1800s

Message 20662 · Freeman/Pavey · 7 Mar 2000 21:04:06 · Top

Lee Fuell wrote:
>
> .... but could Susan actually be citing
> totally different dances that use the same name? The traditional
> nature of the tune, as with the tune "Flowers of Edinburgh," may
> point toward a similar situation ....

Susan's dances were found in a reference written long before the current
"Wind That Shakes the Barley" was devised. There were also two other
dances mentioned for (for a total of five) which we can find no current
information: "She's Off to Miramichi" and Boni O'er the Alps". Some
strathspeyers may recall us trying unsuccessfully to find current
references to these two dances a couple of years ago.

Cole (Susan's husband)

1800s - long

Message 20672 · Rosemary Coupe · 8 Mar 2000 21:40:55 · Top

I found the question about "The Wind that Shakes the Barley" intriguing,
and consulted that good old stand-by, Flett and Flett. The dance is
mentioned once, in a list of country dances taught in the Kirkcudbright
area in approximately 1820. The allusion occurs in an extract from
Mactaggart's "The Scottish Gallovidian Encyclopedia" (1824). It's worth
reproducing, as "Flowers of Edinburgh" is also mentioned, but separately
from the country dances, implying that this is the hard-shoe step dance
"Flowers of Edinburgh." In addition, the style of teaching is one
described in several first-hand accounts of rural dance classes in the
Lowlands in the 19th century: it emphasized the dance rhythms by
percussive beating of the feet on the floor. Given this style of
teaching and dancing, related to the "treepling" steps which were
applied to dances such as "Petronella," it's easy to conclude that the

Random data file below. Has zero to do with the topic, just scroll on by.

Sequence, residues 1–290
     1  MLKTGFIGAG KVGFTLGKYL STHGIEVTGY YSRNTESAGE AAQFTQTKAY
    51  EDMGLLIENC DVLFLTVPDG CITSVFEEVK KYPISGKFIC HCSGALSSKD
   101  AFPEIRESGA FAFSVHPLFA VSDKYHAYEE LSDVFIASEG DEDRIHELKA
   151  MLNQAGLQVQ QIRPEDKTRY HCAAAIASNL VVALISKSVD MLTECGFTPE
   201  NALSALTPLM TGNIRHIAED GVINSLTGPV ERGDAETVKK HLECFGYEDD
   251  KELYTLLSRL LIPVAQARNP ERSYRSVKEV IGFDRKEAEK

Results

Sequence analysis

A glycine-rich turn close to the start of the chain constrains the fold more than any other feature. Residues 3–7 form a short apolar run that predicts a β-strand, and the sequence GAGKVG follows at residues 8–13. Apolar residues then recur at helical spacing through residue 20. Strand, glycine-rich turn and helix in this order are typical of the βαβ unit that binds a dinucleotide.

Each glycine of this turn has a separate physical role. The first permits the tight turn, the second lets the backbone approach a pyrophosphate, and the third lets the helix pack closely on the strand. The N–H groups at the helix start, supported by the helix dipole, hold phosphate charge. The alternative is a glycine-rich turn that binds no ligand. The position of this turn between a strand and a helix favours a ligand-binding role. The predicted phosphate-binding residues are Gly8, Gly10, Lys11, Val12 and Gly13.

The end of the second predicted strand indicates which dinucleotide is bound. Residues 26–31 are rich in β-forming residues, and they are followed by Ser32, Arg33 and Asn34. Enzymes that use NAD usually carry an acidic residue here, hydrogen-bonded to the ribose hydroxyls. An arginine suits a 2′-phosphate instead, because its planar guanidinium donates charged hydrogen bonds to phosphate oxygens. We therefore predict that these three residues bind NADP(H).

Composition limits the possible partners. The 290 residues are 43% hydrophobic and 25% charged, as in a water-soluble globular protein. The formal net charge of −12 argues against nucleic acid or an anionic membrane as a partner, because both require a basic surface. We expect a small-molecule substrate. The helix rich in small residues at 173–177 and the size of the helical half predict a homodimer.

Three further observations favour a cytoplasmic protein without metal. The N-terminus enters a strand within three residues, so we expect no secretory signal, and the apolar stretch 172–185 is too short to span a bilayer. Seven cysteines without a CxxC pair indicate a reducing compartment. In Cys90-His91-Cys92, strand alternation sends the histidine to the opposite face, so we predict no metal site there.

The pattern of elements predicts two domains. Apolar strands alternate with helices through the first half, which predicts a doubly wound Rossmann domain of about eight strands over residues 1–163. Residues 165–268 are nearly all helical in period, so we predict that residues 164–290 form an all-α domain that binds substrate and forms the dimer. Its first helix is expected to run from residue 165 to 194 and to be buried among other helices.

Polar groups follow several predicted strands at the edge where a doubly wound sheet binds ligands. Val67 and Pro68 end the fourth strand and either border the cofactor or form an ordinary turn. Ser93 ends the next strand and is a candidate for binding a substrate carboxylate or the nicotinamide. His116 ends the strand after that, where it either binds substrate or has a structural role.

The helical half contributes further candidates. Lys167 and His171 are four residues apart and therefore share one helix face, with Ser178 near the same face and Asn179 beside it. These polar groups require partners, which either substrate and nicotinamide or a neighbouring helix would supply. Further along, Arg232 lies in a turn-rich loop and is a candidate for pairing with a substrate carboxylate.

"Flowers of Edinburgh" danced by these groups was indeed the hard-shoe
step dance with single and double "treble" steps which has survived in a
version from Cape Breton. "Treeple" and "treble" are presumably cognate
terms. Incidentally, some of you may remember Anselm's posting of an
extract from one of Keats' letters describing dancing in Cumberland in
the same period: the same percussive, rhythmic style is described there,
and Keats remarks on its vigour and its dissimilarity from the softer
English style of country dancing.

Before I reproduce the extract for those who may be interested, a comment
on Duthie's "Wind that Shakes the Barley": all the dances in Duthie's
book are set to traditional tunes - even "Corn Rigs" and "Monymusk" are
used as lead tunes for dances of Duthie's devising. So it's not
surprising that he also used "WYSTB." The pattern of using different or
recently devised tunes for new dances had scarcely started by 1961, and
Duthie was of course following the traditional pattern of setting
multiple dances to a single popular tune and using the name of the tune
for the dance.

Here, after so much ado, is the extract from pages 28-29 of Flett and
Flett, with the original spelling.

"Commonly the first step dancing masters teach their pupils . . . [is]
Peter a Dick's Peatstack . . . performed by giving three flegs [footnoted
as a swinging blow] with the foot, and two stamps with the heel
alternately; . . . the noise the feet make seems to speak . . . Peter a
Dick, Peter a Dick, Peter a Dick's Peatstack . . . . When the scholars
become tolerable at beetling it, they are next taught to fleup through